Public Release:  JCI early table of contents for Oct. 1, 2013

Journal of Clinical Investigation

Hemin and sickle cell disease-associated acute chest syndrome development

Acute chest syndrome (ACS) is a complication of sickle cell disease that is characterized by sudden pain and difficulty breathing. Sickle cell disease can also cause red blood cells to suddenly breakdown and release their contents, which may trigger the onset of ACS. In this issue of the Journal of Clinical Investigation, Solomon Fiifi Ofori-Acquah and colleagues at Emory University asked if hemin, a product released by red blood cells during lysis, triggers ACS in a mouse model of sickle cell disease. They found that hemin injection caused labored breathing, acute lung injury and rapid death in sickle mice, but not in control mice. They determined that hemin acts through the immune receptor TLR4, since blocking or deleting this receptor prevented symptoms of hemin injection in sickle mice. Hemopexin, a protein that sequesters hemin was an effective treatment against hemin-induced lung injury both before and after symptom onset. These data suggest that therapies aimed at targeting hemin and/or blocking TLR4 signaling may be valuable approaches for treatment or prevention of acute chest syndrome.

TITLE: Extracellular hemin crisis triggers acute chest syndrome in sickle mice

AUTHOR CONTACT: Solomon Ofori-Acquah
Emory Univeristy School of Medicine, Atlanta, GA, USA
Phone: 4047272293; Fax: ; E-mail: soforia@emory.edu

View this article at: http://www.jci.org/articles/view/64578?key=3765dd65ee3f475d9df3


A link between type 2 diabetes and mitochondrial function

Type 2 diabetes is a chronic condition that is characterized by resistance to or insufficient production of insulin, a hormone that controls sugar movement into cells. In certain tissues, insulin resistance has been associated with dysfunction of mitochondria, which supply most of the cell's chemical energy. In this issue of the Journal of Clinical Investigation, C. Ronald Kahn and colleagues at Harvard Medical School evaluated mitochondrial involvement in insulin resistance. They found that heat shock protein 60 (HSP60), which is involved in mitochondrial protein import and macromolecule assembly, was required for appropriate mitochondrial function and insulin responses. Additionally, they demonstrated that leptin, a hormone that regulates metabolism and appetite, was important for HSP60 regulation. This study provides new insight into type 2 diabetes development and implicates leptin regulation of HSP60 as a potential therapeutic target.

TITLE: Leptin regulation of Hsp60 impacts hypothalamic insulin signaling

AUTHOR CONTACT: Andre Kleinridders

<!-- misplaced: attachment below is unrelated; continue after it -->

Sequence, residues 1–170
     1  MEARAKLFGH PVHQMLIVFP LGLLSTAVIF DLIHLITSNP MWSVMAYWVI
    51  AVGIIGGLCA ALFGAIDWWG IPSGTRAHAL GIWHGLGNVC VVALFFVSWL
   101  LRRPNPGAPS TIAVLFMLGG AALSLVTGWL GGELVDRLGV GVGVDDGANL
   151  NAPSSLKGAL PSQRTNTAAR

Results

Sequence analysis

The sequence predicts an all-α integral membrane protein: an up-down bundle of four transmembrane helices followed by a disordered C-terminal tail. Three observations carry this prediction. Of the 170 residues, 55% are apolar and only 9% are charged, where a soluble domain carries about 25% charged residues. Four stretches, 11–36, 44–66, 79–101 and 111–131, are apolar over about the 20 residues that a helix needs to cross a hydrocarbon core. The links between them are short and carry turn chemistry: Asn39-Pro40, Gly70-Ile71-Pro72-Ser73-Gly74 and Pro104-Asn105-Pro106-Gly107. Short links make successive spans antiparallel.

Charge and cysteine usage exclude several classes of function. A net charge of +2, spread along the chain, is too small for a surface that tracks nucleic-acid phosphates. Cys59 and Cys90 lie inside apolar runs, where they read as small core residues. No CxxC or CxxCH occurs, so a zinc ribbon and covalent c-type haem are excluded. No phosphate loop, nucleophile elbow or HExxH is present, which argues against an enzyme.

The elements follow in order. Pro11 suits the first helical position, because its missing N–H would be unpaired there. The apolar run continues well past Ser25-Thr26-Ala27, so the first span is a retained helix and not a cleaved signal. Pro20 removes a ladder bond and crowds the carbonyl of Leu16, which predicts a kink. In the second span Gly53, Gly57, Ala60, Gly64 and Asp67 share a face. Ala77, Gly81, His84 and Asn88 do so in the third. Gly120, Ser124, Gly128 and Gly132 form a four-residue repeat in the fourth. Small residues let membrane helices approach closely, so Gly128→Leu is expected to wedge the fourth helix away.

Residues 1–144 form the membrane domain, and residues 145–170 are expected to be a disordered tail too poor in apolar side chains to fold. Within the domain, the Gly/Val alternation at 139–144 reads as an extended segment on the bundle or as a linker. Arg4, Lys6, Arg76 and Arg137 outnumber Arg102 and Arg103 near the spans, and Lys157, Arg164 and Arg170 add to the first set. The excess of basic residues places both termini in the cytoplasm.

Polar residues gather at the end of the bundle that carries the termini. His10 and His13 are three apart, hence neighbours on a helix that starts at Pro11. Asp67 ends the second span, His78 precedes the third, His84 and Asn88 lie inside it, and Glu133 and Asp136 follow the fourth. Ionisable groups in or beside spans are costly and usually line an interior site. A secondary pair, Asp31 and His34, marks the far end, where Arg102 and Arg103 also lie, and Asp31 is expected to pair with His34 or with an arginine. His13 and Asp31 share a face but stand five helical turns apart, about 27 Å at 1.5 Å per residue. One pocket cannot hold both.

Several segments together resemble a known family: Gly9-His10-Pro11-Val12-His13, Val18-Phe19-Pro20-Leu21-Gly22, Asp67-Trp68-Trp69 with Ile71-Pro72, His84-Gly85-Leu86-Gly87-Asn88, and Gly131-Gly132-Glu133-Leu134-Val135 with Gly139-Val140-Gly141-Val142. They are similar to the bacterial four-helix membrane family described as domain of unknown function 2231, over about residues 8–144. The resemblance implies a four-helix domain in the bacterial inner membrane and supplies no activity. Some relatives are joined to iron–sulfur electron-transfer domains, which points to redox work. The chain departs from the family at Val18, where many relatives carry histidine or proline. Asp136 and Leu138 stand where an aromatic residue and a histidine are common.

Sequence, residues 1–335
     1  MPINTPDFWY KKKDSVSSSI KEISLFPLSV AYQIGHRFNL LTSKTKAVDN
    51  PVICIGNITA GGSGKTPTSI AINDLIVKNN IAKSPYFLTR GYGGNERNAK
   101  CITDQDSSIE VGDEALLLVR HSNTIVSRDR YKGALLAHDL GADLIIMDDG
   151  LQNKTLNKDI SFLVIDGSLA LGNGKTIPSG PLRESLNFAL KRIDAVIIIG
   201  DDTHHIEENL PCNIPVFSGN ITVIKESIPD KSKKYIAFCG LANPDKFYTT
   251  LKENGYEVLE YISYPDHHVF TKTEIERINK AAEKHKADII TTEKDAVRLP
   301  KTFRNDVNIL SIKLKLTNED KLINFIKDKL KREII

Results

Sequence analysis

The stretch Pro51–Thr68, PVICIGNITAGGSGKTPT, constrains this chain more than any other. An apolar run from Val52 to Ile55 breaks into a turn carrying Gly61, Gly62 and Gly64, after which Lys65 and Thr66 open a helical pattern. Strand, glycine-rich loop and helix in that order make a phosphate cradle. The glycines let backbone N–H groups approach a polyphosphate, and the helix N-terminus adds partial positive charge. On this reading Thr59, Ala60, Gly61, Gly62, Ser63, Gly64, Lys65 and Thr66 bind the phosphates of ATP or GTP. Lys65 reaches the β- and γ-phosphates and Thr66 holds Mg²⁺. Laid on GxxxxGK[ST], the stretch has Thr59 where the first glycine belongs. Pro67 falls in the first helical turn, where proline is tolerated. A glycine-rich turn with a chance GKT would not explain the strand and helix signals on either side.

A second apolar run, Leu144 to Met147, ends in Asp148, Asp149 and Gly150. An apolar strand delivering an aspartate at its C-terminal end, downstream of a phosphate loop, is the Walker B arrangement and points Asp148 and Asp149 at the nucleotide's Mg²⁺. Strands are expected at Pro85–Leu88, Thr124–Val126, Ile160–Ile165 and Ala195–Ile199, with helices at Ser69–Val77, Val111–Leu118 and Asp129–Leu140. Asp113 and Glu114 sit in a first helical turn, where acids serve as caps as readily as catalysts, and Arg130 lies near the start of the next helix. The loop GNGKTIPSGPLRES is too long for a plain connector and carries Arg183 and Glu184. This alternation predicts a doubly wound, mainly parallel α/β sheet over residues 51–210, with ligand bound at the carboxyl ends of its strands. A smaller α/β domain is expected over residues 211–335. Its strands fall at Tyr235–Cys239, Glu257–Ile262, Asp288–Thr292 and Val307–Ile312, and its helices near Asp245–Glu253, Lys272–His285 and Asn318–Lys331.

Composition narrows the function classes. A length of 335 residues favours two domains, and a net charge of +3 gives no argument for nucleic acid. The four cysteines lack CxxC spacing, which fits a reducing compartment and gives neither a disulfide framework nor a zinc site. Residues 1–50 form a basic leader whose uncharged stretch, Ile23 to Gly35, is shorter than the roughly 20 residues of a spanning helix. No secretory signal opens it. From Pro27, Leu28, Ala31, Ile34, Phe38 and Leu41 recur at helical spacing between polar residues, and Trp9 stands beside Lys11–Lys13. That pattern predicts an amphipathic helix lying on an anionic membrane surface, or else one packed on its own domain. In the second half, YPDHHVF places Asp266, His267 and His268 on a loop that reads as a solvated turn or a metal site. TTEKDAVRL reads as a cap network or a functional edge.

Joslin Diabetes Center, Harvard Medical School, Boston, MA, USA
Phone: 617-309-4404; E-mail: andre.kleinridders@joslin.harvard.edu

View this article at: http://www.jci.org/articles/view/67615?key=89f85116db026aa40f0b


ALSO IN THIS ISSUE

TITLE: Divergence of IL-1, IL-18, and cell death in NLRP3 inflammasomopathies

AUTHOR CONTACT: Hal Hoffman
Univ of California at San Diego, La Jolla, CA, USA
Phone: 858-534-2108; Fax: 858-534-2110; E-mail: hahoffman@ucsd.edu

View this article at: http://www.jci.org/articles/view/71543?key=286191294728b5973d05

TITLE: MicroRNA-223 controls susceptibility to tuberculosis by regulating lung neutrophil recruitment

AUTHOR CONTACT: Stefan Kaufmann
Max Planck Institute for Infection Biology, Berlin, , DEU
E-mail: kaufmann@mpiib-berlin.mpg.de

View this article at: http://www.jci.org/articles/view/67604?key=4f0a74957298bbf8c2e7

TITLE: NF-κB-mediated Pax7 dysregulation in the muscle microenvironment promotes cancer cachexia

AUTHOR CONTACT: Denis Guttridge
The Ohio State University, Columbus, OH, USA
Phone: 614-688-3137; E-mail: denis.guttridge@osumc.edu

View this article at: http://www.jci.org/articles/view/68523?key=7647658bed787efac81b

TITLE: FGF19 action in the brain induces insulin-independent glucose lowering

AUTHOR CONTACT: Gregory Morton
University of Washington, Seattle, WA, USA
Phone: 206-897-5292; Fax: 206-897-5293; E-mail: gjmorton@u.washington.edu

View this article at: http://www.jci.org/articles/view/70710?key=eed7655287e23f9d5af8

TITLE: Ras pathway inhibition prevents neovascularization by repressing endothelial cell sprouting

AUTHOR CONTACT: Martin Friedlander
Scripps Research Institute, La Jolla, CA, USA
Phone: 858-784-9138; Fax: 858-784-9135; E-mail: friedlan@scripps.edu

View this article at: http://www.jci.org/articles/view/70230?key=e4e1d7ff332232cb3770

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